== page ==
Round 56: Winners

Posted: February 24, 2015 in Winners
Tags: , , , , , ,

Hey all. Welcome back. I’d like to say a quick but heartfelt thanks to Mark A. King for acting as judge this round, and, as always, a great big thanks to you, the writers, for making Flash Frenzy a part of your weekly writing journey. You’ll find Mark’s comments below:

I just wanted to say a big thank you to you all. The prompt was a good choice and generated a wide range of stories. Each had elements I really enjoyed:

In mrmacrum’sBed Bugger”, we had a brooding tale of darkness and justice. The use of dialogue worked well in this piece as a tool to drive the story and bring life to the characters. I have to confess I’d never heard the term Bed Bugger before, I so looked it up – should I ever need moving services in the US, I’ll now be thinking twice before calling one of them up.

Vagrant Rhodia gives us the tale, “Elysium?” (Nice use of question mark). In 186 words we are granted some wonderful visuals and scene setting, including ‘an exchange of paper is made for a “flavor explosion in every bite”’ – so good. There were many other wonderful examples of words and phrases that richly described the scene.

In the Brian S Creek classic, “Closing Time”, we’re in the thick of the action, in the middle of an armed robbery. The dialogue works really well. It’s not just what is said, but when it is used and how it paces a story. I know Brian is proud of his progress in this area of his writing and he should be. On top of the dialogue and the action, we have a great ending.

Casey Rose Frank gives us a fine example of emotional and refined flash fiction, with “Beautiful Jukebox Emaline”. Her character, Emaline, is so giving, so caring and selfless that her beauty shines through. But the world can be a cruel place and her talents are confined to safe harbours for fear of others. I wanted to transport myself to the scene and attempt to help her, which shows just how well the character is written.

Deb Foy is a word magician and her story “The Difference Between Envy and Jealousy” is a great example of what she does so well. The following lines worked really well, “The blonde one chews her orange gum open-mouthed and speaks so everyone can hear her. “, “Mei slurps her noodles then pinches the fold around her eyes, wondering if she looks like they look. Her black irises follow their blue ones to the table by the window.” – a very fine example of showing and not telling.

I really enjoyed “Table Seventeen” by F.E. Clark. Great writing techniques used to hide the extra table and make us want to know exactly what was going on. The limo was a wonderful idea. I’m not entirely sure if Mr White is someone akin to Mr Grey from Fifty Shades, or another character from Tarantino (or something else entirely), but that’s the beauty. F.E. Clark knows, while the rest of us ponder.

A.J. Walker produced a piece of flash fiction with “Ripples”, that dipped in and out of dreams (or was it actually time travelling, or regression). Wonderful descriptions. Exotic visuals. The wonderful ‘dream’ sequences reminded me of one of my favourite films, Inception (I hope you don’t mind the comparisons, A.J.W). I love the fact that I’ve read it many times and I’m still pondering the dream aspect.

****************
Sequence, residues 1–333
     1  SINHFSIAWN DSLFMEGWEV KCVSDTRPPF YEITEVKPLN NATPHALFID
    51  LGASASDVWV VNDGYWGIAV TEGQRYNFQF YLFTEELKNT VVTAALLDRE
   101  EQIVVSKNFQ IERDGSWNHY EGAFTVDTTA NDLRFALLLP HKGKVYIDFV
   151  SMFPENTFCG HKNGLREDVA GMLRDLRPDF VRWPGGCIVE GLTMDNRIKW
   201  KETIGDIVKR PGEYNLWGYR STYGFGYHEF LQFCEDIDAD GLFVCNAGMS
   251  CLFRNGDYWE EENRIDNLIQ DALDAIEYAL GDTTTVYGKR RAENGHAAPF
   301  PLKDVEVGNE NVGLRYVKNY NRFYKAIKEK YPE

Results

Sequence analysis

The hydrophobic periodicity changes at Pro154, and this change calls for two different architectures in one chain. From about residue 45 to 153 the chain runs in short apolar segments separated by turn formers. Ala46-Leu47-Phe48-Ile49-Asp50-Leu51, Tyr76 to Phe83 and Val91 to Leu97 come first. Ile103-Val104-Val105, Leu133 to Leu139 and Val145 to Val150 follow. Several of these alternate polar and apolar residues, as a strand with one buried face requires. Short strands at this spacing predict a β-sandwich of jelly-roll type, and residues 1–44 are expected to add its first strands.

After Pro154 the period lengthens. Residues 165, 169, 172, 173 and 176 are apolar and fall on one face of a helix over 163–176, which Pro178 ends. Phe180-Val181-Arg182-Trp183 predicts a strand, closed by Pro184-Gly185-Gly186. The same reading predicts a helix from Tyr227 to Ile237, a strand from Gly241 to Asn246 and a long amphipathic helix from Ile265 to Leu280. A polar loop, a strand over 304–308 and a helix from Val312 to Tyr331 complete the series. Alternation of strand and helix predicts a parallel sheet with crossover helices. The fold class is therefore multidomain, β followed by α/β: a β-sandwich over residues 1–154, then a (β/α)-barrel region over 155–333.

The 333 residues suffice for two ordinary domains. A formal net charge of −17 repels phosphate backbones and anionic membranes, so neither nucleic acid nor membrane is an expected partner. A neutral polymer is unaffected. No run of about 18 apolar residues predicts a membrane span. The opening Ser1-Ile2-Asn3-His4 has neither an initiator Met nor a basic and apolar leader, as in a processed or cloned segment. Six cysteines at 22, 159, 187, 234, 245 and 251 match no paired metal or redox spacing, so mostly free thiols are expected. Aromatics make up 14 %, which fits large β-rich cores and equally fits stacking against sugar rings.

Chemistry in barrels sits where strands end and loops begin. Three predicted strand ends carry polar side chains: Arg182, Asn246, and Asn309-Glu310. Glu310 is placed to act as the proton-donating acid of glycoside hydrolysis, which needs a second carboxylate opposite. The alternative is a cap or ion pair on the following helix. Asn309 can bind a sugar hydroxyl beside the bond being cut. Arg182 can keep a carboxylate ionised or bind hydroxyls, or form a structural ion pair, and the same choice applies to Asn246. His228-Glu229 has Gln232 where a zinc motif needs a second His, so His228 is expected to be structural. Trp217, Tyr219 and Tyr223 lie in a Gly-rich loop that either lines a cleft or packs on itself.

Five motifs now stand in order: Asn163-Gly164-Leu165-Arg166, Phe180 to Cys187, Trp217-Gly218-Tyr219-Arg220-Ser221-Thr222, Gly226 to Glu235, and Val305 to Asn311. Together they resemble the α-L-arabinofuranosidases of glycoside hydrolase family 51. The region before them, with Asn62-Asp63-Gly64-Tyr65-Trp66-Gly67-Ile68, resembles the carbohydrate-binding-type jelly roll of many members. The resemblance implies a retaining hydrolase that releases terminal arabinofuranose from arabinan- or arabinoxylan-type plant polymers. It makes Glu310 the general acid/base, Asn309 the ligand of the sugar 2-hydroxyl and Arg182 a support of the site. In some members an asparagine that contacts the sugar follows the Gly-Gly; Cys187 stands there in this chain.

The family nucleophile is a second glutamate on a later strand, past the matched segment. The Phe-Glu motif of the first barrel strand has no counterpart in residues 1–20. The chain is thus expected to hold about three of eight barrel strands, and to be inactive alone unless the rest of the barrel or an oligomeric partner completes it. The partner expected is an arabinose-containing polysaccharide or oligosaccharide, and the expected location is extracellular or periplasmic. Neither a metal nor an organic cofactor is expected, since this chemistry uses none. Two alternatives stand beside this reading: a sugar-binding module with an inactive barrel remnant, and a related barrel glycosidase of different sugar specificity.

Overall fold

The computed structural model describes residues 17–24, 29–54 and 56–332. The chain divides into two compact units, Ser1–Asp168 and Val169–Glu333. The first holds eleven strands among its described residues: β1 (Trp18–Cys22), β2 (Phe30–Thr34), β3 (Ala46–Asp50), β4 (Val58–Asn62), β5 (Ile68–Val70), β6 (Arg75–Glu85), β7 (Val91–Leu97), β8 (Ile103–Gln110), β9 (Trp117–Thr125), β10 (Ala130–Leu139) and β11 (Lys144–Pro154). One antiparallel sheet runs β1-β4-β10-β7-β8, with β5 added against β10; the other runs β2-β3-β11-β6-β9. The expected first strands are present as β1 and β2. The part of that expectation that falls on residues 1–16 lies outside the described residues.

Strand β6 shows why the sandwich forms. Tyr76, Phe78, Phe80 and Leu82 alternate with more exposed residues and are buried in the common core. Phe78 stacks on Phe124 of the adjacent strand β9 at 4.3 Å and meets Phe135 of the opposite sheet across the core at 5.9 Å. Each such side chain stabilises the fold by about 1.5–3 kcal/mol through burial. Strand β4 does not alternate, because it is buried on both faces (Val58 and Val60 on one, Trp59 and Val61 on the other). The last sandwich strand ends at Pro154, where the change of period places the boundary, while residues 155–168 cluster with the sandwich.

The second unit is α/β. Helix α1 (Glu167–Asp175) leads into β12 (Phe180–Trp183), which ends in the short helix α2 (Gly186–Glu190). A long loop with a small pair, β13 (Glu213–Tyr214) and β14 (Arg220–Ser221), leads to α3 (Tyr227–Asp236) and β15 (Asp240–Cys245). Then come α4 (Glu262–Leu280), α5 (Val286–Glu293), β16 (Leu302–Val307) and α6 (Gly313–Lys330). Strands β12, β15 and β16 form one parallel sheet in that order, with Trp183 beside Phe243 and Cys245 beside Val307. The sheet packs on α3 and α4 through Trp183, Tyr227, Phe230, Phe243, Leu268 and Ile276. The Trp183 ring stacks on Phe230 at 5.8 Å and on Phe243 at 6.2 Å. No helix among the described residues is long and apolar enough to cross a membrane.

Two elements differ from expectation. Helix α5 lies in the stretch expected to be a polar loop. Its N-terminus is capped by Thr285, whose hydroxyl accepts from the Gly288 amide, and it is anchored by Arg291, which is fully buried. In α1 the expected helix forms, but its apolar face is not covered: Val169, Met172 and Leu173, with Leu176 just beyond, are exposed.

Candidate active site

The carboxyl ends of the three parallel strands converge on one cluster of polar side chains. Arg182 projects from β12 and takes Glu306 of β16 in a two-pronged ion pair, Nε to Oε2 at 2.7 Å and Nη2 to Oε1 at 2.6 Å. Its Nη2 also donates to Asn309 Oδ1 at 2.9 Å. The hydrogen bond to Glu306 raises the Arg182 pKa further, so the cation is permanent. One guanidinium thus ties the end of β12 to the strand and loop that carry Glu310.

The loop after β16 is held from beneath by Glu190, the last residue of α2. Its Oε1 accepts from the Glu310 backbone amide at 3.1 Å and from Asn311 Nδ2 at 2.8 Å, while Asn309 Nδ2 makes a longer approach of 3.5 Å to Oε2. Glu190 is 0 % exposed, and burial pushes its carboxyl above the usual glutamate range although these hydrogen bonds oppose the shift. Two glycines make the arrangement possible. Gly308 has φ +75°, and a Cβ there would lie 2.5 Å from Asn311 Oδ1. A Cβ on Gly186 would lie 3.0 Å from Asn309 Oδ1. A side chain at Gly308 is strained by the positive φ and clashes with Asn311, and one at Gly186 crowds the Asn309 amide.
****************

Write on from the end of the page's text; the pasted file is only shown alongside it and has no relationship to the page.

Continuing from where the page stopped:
Elaine Marie McKay – a master of dark power with miniscule word-counts. “Cigarette Breaks”, is meant to be edgy and make us feel uneasy. It thoroughly succeeds thanks to the well written POV of the narrator, as they describe the object of their affections. I loved this line, “I watch his arm brush against your nyloned thigh which makes you search for more of your uniform’s flimsy material”. From this I felt unease at the way she was being treated by the customer, while always being aware of the equal unease I felt at the watching narrator.

Voima Oy is a storyteller of the finest quality. I adored the idea of disappeared people returning. Their unexpected return seeming to cause everyone confusion and disruption. This felt like the 2nd part to a story (sorry if it was and I’ve missed the first one, or if it is a tale that I should know). It stands alone as a great piece of flash as we have an entire world, filled with mystery and interesting characters (BobbyZen is just such a great name). I’d love to know what happened before and what happens next.

Catherine Connolly gives us the vivid “The City Of Innocent Deaths”. It is a story filled with stunning words and deep themes. It feels like the narrator is losing grip on reality and living in worlds between dreams, paintings and reality. Too many wonderful words to praise, but I particularly enjoyed the stunning opening.

Great work all. But now I must choose…

Runner up, Casey Rose Frank, for the wonderful (and beautiful) character and my slightly irrational longing to help her. Well done, Casey.

Runner up, Catherine Connelly, for the fantastic beauty of the words and conjuring of worlds half-remembered. Top work, Catherine.

And your round 56 FLASH MASTER is…


Brian S. Creek

with Closing Time

Congratulations, Brian for a story that combined many different elements and a highly enjoyable ending. A deserved winning story.

Congratulations, Brian! Your story will be featured as Wednesday’s HumpDay Quickie.

As February draws to a close, keep your eyes on your inboxes, Flash Masters. I’ll be recruiting judges for March later this week. Next weekend, Catherine Connolly steps up as Flash Frenzy judge. Hope to see you all there.

  1. Mark A. King says:

    Reblogged this on Making Fiction and commented:
    More judging. This time I was lucky enough to be asked to judge at The Angry Hourglass…

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